Bed bugs don’t transmit diseases but are horrible pests that will let you sleep comfortably. They are incredibly small and usually attack while humans are sleeping.
Although they are mostly found in beds, these notorious creepy critters are very adaptable to any kind of furniture, including plastic, metal, and wood.
Can bed bugs live in wood furniture? Bed bugs live in wood furniture, including tables, chairs, and beds. These bloodsuckers squeeze their tiny bodies to hide in small gaps in any kind of wood, especially where humans and pets spend most of the time. Bed bugs are most common in second-hand furniture.
Bed bugs don’t live in their host but are very determined to suck blood from their victims. These pesky critters patiently wait for the right time to come out and will hide again after their attack.
Fortunately for you, this article discusses bed bugs in wood, signs of future infestation, and how to get rid of them as early as possible.
Can Bed Bugs Live in Wood?
Bed bugs can live in wood, provided that it is near their food source. However, they don’t really live inside the wood. Instead, they use wood as their hiding spot and breeding site, as long as it has tiny gaps.
However, they will prefer living in the wood, where people usually stay for a long time or sleep at night.
Can Bed Bugs Live on Wood Floor?
Bed bugs do live on wooden floors. They can also hide in gaps between the tiles on the floor. In fact, bed bugs don’t have any problems crawling on all kinds of hard surfaces, including concrete.
These pesky pests cannot move through concrete, but they can penetrate tiny holes or climb into walls and ceilings.
Nonetheless, bed bugs are very unlikely to stay long on the wood floor. First of all, most people don’t sleep on the floor unless they have no bed or sofa. If the wood floor has no tiny holes, bed bugs will not lay eggs on it.
Bed bugs also don’t burrow on wood and will only search for wood that has very tiny crawl spaces.
Can Bed Bugs Live In Solid Wood Furniture?
Bed bugs cannot live in solid wood furniture, which is usually made of oak, maple, or walnut. Some cabinets, chairs, tables, and bed frames are made of solid wood.
With solid wood furniture, the wood has been cut directly from the tree. Since it has no hollow spaces, bed bugs have almost no areas to hide in.
But because solid wood is hard, beg bugs can use it to move from one place to another. Unless the solid wood is smooth, they can also climb on it, vertically and horizontally.
On the other hand, bed bugs can live in engineered wood furniture. Although it is cheaper than solid wood, termites can damage or chew holes in it.
What Kind of Furniture Do Bed Bugs Live In?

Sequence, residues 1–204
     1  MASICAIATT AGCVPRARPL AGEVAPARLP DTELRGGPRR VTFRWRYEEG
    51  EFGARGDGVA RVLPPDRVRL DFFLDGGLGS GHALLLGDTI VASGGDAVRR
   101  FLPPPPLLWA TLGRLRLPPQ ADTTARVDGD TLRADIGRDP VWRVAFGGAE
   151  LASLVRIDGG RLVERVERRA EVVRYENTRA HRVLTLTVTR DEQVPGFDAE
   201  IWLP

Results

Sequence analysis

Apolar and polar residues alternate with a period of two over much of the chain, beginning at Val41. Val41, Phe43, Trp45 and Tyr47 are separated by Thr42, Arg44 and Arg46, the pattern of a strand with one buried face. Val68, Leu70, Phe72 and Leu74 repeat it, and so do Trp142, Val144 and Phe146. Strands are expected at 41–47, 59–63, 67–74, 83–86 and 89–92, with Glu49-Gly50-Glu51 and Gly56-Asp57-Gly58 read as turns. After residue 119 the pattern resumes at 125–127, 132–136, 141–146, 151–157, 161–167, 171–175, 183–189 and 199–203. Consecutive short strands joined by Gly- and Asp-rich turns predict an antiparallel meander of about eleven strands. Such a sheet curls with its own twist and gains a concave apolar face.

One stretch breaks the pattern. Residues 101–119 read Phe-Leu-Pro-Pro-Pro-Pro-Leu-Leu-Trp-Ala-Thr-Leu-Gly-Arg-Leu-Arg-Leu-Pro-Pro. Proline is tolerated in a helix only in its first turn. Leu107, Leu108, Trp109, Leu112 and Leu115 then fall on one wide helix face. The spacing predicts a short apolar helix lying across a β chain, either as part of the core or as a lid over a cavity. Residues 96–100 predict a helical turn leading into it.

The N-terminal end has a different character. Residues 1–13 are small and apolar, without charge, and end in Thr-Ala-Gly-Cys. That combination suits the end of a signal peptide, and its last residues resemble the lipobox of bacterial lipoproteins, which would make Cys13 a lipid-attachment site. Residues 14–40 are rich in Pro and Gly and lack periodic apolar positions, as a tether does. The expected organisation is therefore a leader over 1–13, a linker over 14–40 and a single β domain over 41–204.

Bed bugs usually live in wood furniture, but they may also stay in metal and plastic furniture. If the furniture has no cracks or tiny gaps on the top surface, bed bugs will hide on the sides, under, or behind it.
The smart bugs will only come out once a person or pet is nearby. Bed bugs can also infest upholstered furniture.
Do Bed Bugs Like Wood?
Bed bugs like wood a lot. Although they also like fabric, metal, or plastic, bed bugs prefer wood because of its attractive characteristics.
Aside from being warm, wood has moisture and usually has cracks and tiny spaces where they can hide and lay eggs. Plastic and metal are smooth and rarely have holes.
Do Bed Bugs Eat Wood?
Bed bugs don’t eat wood as termites do. These bugs have no teeth so they cannot eat anything, including wood. Their jaws are not designed for chewing, making them incapable of burrowing into wood.
Once bed bugs suck blood from humans or animals, they pierce the skin using their elongated mouthparts.
Signs of Bed Bugs in Wooden Furniture
Adult bed bugs are usually reddish-brown and have oval, flattened bodies that are about 1/4 inches (6.35 mm) long. Nymphs (immature bed bugs) are mostly yellowish-white and measure about 1/6 inches (4.23 mm) long.
On the other hand, bed bug eggs are white and oval and also measure about 1/6 inches long.
Bed bugs go through incomplete metamorphosis, which means they have no pupal stage. Considering their very small size, and they can crawl into dark, tiny spaces very fast, bed bugs are very difficult to find.
If you cannot find any bed bugs on your wood furniture, here are some notable signs of their presence:
1. Bed Bug Bites
Bed bug bites look similar to mosquito bites and some other insect bites. Both of them leave red, bumpy marks on the skin.
However, bed bug bites are usually in a straight line, while mosquito bites are mostly in a random pattern. But more importantly, you can only feel the itchiness of bed bug bites after several hours.
2. Bed Bug Poop
Unfortunately, some people may not react to bed bug bites and will not have any bite marks. But still, bed bugs cannot hide their poop. So, if you spot some blood stains on your wooden furniture, it could be bed bug poop.
These dark spots are digested blood that bed bugs expel while they are feeding.
3. Bed Bug Cast Skins
Before bed bug nymphs become adults, they will undergo five instar stages, which can last for several weeks. This can be longer if there is a shortage of blood meals. Immature bed bugs will cast their skin for every instar stage.
Shell casing of bed bugs are translucent and have hollow outlines of their bodies.
4. Bed Bug Odor
Bed bugs release a musty odor, which can be compared to the smell of berries. This moldy smell gets stronger as the number of bed bugs present increases.
However, you may only notice this if there is already a huge bed bug infestation. Sometimes, it is overpowered by the rusty smell of bed bug feces.
Related: Early Warning Signs of Bed Bugs Infestation | What Does It Mean?
Do You Have to Get Rid of Furniture if You Have Bed Bugs?
You don’t have to get rid of your furniture even if you have bed bugs. In most cases, they can still be treated. If you throw them away, there could still be some bed bugs hiding somewhere.
Therefore, this is not the proper solution to get rid of bed bugs. You should treat the furniture and kill the bed bugs in that area.
How Do You Get Rid of Bugs on Wood Furniture?